RESIDENTS in flood-prone areas should be extra cautious when coming into contact with flood- water and also ensure that children do not play in it, says Johor Health director Datuk Dr Aman Rabu
This is because floodwater is a potential source of water-borne diseases such as leptospirosis, melioidosis, cholera and typhoid, as well as bacteria that cause food poisoning.
Dr Aman said flood victims should ensure they were getting clean water for their daily use.
“Ensure food and drinks are clean.
“Wash hands regularly after using the toilet, cleaning the house or touching items that have been exposed to floodwater or sewage,” he advised.
Flood victims should also ensure their surroundings are clean.
“Rubbish that is not disposed of properly can also lead to health risks as it attracts disease vectors such as mosquitoes and rats.
“Heavy rainfall or floods also create stagnant water that can act as breeding ground for the Aedes and anopheles mosquitoes,
“If left unchecked, this will lead to dengue, malaria and chikungunya outbreaks,” he warned.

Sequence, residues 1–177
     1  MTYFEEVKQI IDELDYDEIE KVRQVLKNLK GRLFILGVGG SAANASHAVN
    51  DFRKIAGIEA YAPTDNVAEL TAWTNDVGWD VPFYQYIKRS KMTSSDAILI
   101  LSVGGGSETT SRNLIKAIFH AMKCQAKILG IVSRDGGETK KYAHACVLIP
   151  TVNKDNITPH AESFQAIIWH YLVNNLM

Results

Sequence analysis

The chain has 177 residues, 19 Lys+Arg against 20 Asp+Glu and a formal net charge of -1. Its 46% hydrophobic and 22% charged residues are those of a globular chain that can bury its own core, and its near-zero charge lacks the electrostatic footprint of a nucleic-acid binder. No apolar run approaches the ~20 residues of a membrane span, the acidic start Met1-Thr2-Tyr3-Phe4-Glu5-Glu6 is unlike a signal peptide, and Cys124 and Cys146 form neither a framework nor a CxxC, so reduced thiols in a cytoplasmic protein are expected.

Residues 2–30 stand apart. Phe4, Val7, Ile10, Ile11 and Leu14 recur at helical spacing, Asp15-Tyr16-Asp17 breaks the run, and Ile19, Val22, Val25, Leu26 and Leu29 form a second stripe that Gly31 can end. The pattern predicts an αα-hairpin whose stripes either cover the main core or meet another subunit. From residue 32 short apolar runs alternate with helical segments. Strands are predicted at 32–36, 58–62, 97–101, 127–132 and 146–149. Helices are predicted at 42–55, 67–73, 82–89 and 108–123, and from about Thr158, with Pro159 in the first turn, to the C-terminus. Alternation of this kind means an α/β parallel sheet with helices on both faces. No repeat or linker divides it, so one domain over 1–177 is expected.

Dr Aman also urged those living in flood-prone areas to secure their important documents and personal belongings in waterproof cases and be ready to move out whenever ordered by the authorities.
“They should keep themselves updated on the latest weather conditions and get their information from a valid source.”
He also said that all electrical items should be placed on higher levels or turned off when not in use.
“Those who are pregnant or have chronic ailments should keep safe their medical documents and medication, and alert the authorities of their condition.”
Dr Aman added that family members of bedridden or dialysispatients should alert the nearest health facility.
Most importantly, he said all Covid-19 standard operating procedures should be adhered to, including avoiding crowded and confined spaces, maintaining physical distancing, wearing face masks and ensuring personal hygiene.